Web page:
While strolling through Green Lakes State Park, the SU campus and several other everyday environments, I was struck by the number of shapes and patterns resembling letters of the alphabet. Especially for typography found in organic environments, the fact that human inventions mimic nature, and not the other way around, became particularly evident to me. This project also led me to notice details in campus art and architecture that I had not paid attention to in my seven years studying and working at SU. The “B” above was captured from imagery in a mosaic mural, The Passion of Sacco and Vanzetti by Ben Shahn, on the Huntington-Beard-Crouse building.
For all 26 images, view my Flickr album.
This blog post is brought to you by the letter “S”, which is part of the label for a bottle of Kraken one of my roommates left behind.
This exercise was a bit tricky with the added challenge of not using existing signage to get examples of typography. But it forced me to be more observant of my surroundings, rather than just letting every-day mundane things fade into the background. It also helped me to think in more innovative ways by looking more closely at things to find a solution to the problem of finding typography in the world around me. I mostly photographed things in my apartment, but in my defense I’ve been in Syracuse for 5 years so I have done exploring in the past.
Found Typography Photos
Here is the link to my pictures in Flicker.
It was a quite challenging but interesting assignment, and I could take more creative pictures if take my time. Letter “Y” that I found in flip-flop is my favorite. It is clear and cute. I also like “v” in my v-neckline sweater, and “M” made by shoes. I felt like I can found 26 letters in different clothes if I want.
I took pictures in many different places: classroom in Newhouse, cross in front of the bird library and Destiny Mall. Thanks to this task, I got more familiar with our community. Moreover, I learned appreciating beautiful details all over the world.
The image included is an “A” found in the Chipotle on campus. I found this exercise to be challenging, although it did get a bit easier towards the end of the alphabet. It certainly helped me to view objects, street signs and architectural designs in a different light – which I hope will be just the beginning of a way for me to see things differently and hopefully more artistically. Even after I was completed with the exercise, I started to see everything differently – trying to make designs into letters to see if it would be possible. I’m excited to see what other exercises can help change my view on everyday objects and scenery. To view the rest of my album, click here!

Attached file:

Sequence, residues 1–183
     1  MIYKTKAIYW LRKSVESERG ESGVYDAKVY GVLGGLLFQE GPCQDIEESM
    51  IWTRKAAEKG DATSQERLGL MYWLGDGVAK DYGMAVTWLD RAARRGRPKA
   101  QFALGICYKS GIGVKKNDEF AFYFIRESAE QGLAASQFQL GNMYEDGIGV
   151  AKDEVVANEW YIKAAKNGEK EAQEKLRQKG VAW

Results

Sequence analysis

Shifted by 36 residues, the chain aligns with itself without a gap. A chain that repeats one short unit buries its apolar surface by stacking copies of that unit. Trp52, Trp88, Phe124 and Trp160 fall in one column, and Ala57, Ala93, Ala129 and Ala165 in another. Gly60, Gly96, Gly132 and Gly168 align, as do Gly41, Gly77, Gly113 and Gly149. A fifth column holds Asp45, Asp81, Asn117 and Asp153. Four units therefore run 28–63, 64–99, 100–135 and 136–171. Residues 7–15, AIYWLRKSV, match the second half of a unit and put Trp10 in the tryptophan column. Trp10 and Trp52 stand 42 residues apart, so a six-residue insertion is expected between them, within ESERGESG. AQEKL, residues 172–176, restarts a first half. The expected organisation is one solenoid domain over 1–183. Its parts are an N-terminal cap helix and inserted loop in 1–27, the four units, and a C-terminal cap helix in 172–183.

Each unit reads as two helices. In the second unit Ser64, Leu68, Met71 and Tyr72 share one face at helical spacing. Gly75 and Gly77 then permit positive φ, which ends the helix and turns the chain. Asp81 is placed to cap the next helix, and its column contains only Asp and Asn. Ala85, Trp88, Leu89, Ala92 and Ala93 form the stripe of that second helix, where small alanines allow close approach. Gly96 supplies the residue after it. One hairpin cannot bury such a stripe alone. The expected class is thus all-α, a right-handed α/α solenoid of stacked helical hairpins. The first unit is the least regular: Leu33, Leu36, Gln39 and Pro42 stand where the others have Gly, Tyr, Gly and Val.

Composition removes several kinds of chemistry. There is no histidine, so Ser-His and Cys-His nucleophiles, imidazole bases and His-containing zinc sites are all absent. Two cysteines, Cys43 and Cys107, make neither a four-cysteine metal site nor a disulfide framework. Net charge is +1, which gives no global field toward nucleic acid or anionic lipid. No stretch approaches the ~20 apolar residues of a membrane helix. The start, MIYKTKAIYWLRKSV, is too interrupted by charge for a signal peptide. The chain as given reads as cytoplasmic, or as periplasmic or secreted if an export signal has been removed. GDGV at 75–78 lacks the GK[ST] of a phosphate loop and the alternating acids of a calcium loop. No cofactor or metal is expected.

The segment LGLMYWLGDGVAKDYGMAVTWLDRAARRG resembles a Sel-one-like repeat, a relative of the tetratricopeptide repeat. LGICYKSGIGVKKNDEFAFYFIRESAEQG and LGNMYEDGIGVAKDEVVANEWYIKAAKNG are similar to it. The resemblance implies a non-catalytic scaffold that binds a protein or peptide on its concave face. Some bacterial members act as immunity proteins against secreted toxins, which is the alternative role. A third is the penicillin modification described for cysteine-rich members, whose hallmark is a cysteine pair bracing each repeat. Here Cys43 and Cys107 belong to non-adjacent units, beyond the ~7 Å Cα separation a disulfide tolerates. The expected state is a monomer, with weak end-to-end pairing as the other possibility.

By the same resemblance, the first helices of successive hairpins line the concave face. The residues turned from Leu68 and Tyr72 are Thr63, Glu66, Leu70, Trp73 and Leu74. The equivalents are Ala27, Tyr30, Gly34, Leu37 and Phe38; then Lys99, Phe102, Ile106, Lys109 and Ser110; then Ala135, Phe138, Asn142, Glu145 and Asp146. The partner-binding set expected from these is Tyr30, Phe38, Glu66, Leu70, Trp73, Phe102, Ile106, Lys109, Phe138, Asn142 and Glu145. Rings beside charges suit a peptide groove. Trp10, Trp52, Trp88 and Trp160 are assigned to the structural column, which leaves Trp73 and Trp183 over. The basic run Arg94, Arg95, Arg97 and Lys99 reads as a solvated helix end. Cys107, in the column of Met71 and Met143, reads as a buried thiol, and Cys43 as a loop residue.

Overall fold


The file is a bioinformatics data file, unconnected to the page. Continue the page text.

This weekend, gave us all a chance to examen and experience different typography throughout Syracuse. https://www.flickr.com/photos/134700629@N08/?
In completing this assignment, I learned that the English alphabet is a reflection of what we are accustomed to seeing in our daily lives. I was reminded of the fact that the English alphabet consists of characters that are not only aesthetically pleasing, but simple and common. I believe that in utilizing simple and common expressions to create the English alphabet, the idea was to reflect the shapes and objects that we have grown accustomed to in our daily lives. Thus, in doing so, I believe this simplifies communication among people by means of linguistics.
I learned that typography is used vastly throughout architecture. Before this assignment, I never really paid attention to the use of typography. This exercise has opened my eyes to the different types of typography found within buildings, objects and writing. I took my picture while walking down Crouse Street. I noticed this wooden structure that resembled the letter T. Many of my other images are also found within architecture around the Syracuse area. After this exercise, I am more aware of the various uses of typography that are all around us.
Link to Chantre’ Smith’s Flickr account: https://www.flickr.com/gp/133046076@N08/rv72dX
This is the letter “I” I found while walking through my neighborhood; however, depending on perspective, it could be seen as an “H” as well. After completing this project and the expressive type exercise, I found that perspective is incredibly important to conveying a certain message to an audience. We all view things differently and depending on how you frame an image or concept, it makes it easier to communicate and bridge ideas.
Most of the images I found were taken my apartment, my neighborhood, and the Newhouse Clambake.
Found Typography Flickr
This was the second “H” I found during the Typography Hunt and it stood out to me more than my other letters because of the curve. My other letters are very geometric. Usually I’m fairly good at spotting out letters but this exercise put me at a hyper-aware level to where it was difficult for me to find all the letters. I had to tell myself to relax and to just keep an eye out. From there, the exercise got easier. It also helped me understand my younger sister’s point-of-view, who is a graphic designer, and the work that goes into her job. Much of our environment is full of typography and art. It’s a just a matter of us making something out of it. You can view the rest of my Typography Hunt here.
I found this assignment, while challenging at times, interesting and eyeopening. I’m one of those people who take images at face value, so it was helpful to open my mind and look at objects in another way. Once I adjusted to this way of thinking I was able to see there are many letters hidden downtown, on campus, and even at home. While some of the other pictures I took were more complex, I decided to post a simple doorknob to represent the letter “O” showing that letter images can be in everyday simple places.
Check out the rest of my images here: https://www.flickr.com/photos/134714440@N04/sets/72157653455354564